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J Pediatr DOI:10.1016/j.jpeds.2014.01.010

Early empiric antibiotic use in preterm infants is associated with lower bacterial diversity and higher relative abundance of Enterobacter.

Publication TypeJournal Article
Year of Publication2014
AuthorsGreenwood, C, Morrow, AL, Lagomarcino, AJ, Altaye, M, Taft, DH, Yu, Z, Newburg, DS, Ward, DV, Schibler, KR
JournalJ Pediatr
Volume165
Issue1
Pages23-9
Date Published2014 Jul
ISSN1097-6833
KeywordsAmpicillin, Anti-Bacterial Agents, Biodiversity, Cohort Studies, DNA Fingerprinting, DNA, Ribosomal, Enterobacter, Female, Gentamicins, Gestational Age, Humans, Infant, Newborn, Infant, Premature, Intestines, Longitudinal Studies, Male, Microbiota, Ohio, RNA, Ribosomal, 16S
Abstract

OBJECTIVES: To determine the impact of empiric ampicillin and gentamicin use in the first week of life on microbial colonization and diversity in preterm infants.

STUDY DESIGN: The 16s ribosomal DNA community profiling was used to compare the microbiota of 74 infants born ≤32 weeks gestational age by degree of antibiotic use in the first week of life. The degree of antibiotic use was classified as 0 days, 1-4 days, and 5-7 days of antibiotic administration. All of the antibiotic use was empiric, defined as treatment based solely on clinical suspicion of infection without a positive culture result.

RESULTS: Infants who received 5-7 days of empiric antimicrobial agents in the first week had increased relative abundance of Enterobacter (P = .016) and lower bacterial diversity in the second and third weeks of life. Infants receiving early antibiotics also experienced more cases of necrotizing enterocolitis, sepsis, or death than those not exposed to antibiotics.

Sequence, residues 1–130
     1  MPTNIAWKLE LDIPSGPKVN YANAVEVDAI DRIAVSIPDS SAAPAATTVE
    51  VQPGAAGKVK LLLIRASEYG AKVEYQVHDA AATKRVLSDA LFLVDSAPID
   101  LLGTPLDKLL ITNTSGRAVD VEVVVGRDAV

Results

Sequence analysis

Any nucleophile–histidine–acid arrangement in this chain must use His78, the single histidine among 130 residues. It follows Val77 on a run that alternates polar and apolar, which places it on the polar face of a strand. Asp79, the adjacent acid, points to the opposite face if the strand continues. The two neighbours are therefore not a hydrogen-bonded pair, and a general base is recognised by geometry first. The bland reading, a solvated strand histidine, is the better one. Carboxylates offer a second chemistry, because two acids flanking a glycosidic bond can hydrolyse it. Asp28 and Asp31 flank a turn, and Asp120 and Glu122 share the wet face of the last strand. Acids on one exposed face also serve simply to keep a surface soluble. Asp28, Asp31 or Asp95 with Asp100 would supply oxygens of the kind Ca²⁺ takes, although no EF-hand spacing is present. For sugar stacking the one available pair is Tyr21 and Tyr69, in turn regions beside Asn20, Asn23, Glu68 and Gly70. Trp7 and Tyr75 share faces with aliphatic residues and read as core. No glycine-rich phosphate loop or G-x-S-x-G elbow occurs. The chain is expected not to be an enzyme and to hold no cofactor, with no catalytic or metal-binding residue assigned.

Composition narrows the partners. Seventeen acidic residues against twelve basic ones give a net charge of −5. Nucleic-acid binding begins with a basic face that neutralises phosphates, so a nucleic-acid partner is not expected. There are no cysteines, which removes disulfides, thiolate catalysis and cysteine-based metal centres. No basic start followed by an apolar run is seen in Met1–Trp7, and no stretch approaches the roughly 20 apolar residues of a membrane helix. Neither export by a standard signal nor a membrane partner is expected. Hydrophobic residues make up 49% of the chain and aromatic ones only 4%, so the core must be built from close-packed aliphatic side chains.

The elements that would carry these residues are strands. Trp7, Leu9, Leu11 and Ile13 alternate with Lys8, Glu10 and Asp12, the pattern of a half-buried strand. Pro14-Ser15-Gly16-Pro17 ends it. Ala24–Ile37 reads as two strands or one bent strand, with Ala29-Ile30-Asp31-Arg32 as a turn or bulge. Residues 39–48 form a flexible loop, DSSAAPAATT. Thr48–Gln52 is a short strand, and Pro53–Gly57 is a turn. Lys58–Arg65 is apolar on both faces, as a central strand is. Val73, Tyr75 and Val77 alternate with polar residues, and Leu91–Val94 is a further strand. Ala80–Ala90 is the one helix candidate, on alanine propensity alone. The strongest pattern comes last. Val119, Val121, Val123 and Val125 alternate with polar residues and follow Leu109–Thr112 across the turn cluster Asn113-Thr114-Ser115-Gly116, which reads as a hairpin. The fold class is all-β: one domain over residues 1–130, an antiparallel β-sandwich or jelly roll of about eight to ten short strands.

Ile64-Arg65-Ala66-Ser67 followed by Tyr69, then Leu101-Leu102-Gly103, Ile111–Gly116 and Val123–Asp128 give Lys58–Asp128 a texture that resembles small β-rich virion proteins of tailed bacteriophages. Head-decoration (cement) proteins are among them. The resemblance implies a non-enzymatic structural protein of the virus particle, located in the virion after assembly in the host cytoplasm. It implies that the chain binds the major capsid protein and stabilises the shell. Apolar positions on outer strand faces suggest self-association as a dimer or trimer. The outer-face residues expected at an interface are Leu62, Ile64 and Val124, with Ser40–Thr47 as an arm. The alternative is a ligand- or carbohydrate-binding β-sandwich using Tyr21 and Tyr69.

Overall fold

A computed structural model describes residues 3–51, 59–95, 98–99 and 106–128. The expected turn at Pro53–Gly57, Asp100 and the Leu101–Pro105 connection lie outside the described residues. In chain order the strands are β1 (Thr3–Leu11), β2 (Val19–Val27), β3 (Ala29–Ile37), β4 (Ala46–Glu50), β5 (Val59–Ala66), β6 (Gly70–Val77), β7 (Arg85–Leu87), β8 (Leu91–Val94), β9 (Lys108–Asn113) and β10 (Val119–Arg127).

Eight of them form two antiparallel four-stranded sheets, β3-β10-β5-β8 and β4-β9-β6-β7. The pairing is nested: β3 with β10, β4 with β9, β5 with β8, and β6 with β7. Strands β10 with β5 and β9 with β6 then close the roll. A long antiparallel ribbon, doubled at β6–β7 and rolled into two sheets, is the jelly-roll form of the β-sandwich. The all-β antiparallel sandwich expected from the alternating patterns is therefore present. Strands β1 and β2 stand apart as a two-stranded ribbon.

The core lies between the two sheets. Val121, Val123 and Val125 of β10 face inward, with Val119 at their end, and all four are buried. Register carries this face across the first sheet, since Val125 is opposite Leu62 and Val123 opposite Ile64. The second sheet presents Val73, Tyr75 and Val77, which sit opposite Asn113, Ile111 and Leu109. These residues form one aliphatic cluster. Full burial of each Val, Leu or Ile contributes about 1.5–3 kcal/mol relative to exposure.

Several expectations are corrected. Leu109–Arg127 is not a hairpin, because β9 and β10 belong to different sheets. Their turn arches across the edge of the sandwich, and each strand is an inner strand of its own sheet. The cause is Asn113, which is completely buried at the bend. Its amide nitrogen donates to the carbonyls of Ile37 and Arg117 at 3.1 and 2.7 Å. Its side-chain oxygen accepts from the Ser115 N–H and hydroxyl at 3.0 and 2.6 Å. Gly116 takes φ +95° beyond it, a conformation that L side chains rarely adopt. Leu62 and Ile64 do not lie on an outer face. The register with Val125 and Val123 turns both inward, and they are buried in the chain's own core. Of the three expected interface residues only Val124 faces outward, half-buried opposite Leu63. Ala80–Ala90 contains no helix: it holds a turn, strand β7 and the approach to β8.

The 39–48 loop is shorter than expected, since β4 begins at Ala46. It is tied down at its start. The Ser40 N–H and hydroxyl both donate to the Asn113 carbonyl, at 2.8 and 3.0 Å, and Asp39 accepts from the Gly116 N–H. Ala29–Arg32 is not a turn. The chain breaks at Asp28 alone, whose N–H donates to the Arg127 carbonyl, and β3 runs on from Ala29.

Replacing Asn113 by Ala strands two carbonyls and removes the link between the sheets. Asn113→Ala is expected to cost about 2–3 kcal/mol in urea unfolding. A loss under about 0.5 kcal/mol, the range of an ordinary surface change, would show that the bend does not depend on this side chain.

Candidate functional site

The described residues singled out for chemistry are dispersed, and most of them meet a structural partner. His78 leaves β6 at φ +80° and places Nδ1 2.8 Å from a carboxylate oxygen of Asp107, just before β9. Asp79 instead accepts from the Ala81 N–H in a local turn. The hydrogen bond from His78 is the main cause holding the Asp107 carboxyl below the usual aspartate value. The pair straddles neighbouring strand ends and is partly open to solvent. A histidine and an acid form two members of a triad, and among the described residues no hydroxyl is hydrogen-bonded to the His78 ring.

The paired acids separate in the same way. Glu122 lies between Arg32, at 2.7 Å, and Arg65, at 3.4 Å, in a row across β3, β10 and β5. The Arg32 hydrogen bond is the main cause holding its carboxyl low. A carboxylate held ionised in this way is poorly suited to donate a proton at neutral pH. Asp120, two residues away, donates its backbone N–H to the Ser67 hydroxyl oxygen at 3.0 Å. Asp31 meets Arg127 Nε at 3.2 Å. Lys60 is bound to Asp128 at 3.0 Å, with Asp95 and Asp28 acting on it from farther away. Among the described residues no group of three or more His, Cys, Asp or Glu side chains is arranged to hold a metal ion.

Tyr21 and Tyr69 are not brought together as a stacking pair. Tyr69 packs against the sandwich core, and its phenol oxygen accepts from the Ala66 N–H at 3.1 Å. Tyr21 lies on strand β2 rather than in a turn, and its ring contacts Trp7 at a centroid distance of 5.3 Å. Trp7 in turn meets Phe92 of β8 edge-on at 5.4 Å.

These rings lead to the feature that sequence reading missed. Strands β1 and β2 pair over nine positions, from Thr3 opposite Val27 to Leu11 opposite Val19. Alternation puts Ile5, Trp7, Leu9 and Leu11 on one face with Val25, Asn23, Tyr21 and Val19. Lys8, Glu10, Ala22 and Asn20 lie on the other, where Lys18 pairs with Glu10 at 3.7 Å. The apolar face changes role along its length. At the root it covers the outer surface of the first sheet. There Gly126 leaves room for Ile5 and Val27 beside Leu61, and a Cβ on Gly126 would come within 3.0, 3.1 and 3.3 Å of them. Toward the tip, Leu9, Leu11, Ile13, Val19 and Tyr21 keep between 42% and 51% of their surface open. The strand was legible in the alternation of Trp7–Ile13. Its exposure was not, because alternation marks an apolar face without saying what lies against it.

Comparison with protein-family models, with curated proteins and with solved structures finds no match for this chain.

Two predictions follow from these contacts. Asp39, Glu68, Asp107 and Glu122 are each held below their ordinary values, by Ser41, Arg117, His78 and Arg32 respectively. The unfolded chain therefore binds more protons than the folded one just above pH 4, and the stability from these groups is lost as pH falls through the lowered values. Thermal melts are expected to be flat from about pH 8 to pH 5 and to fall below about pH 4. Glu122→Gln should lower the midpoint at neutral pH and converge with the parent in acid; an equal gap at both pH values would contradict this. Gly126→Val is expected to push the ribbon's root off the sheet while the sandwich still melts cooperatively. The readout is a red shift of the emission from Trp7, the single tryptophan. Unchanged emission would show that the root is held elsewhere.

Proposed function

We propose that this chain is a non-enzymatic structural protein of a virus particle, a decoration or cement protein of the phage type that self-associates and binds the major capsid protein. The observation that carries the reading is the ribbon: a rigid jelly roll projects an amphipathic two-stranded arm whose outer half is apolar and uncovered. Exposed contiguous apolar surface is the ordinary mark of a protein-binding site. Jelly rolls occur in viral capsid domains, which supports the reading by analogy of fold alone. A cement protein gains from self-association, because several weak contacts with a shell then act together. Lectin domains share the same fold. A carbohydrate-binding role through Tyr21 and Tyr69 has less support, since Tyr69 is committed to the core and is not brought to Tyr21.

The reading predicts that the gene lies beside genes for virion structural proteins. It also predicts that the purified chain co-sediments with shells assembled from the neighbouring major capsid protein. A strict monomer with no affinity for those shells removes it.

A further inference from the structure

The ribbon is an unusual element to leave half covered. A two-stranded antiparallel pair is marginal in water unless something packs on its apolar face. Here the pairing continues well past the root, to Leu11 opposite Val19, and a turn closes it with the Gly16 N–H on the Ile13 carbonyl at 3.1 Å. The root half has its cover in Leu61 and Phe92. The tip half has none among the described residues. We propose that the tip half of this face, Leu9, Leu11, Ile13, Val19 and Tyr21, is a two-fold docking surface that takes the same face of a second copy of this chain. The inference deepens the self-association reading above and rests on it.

CONCLUSIONS: Early empiric antibiotics have sustained effects on the intestinal microbiota of preterm infants. Intestinal dysbiosis in this population has been found to be associated with elevated risk of necrotizing enterocolitis, sepsis, or death.

URLhttp://linkinghub.elsevier.com/retrieve/pii/S0022-3476(14)00011-0
DOI10.1016/j.jpeds.2014.01.010
Pubmed

http://www.ncbi.nlm.nih.gov/pubmed/24529620?dopt=Abstract

Alternate JournalJ. Pediatr.
PubMed ID24529620
PubMed Central IDPMC4074569
Grant ListU01 RR026314 / RR / NCRR NIH HHS / United States
HHSN272200900018C / AI / NIAID NIH HHS / United States
HD27853 / HD / NICHD NIH HHS / United States
P01 HD013021 / HD / NICHD NIH HHS / United States
UG1 HD027853 / HD / NICHD NIH HHS / United States
HG005969 / HG / NHGRI NIH HHS / United States
HD13021 / HD / NICHD NIH HHS / United States
U10 HD040689 / HD / NICHD NIH HHS / United States
U10 HD027853 / HD / NICHD NIH HHS / United States
HD059140 / HD / NICHD NIH HHS / United States
HHSN272200900018C / / PHS HHS / United States
R01 HG005969 / HG / NHGRI NIH HHS / United States
R01 HD059140 / HD / NICHD NIH HHS / United States
T32 ES010957 / ES / NIEHS NIH HHS / United States
U19 AI110818 / AI / NIAID NIH HHS / United States
UL1 RR026314 / RR / NCRR NIH HHS / United States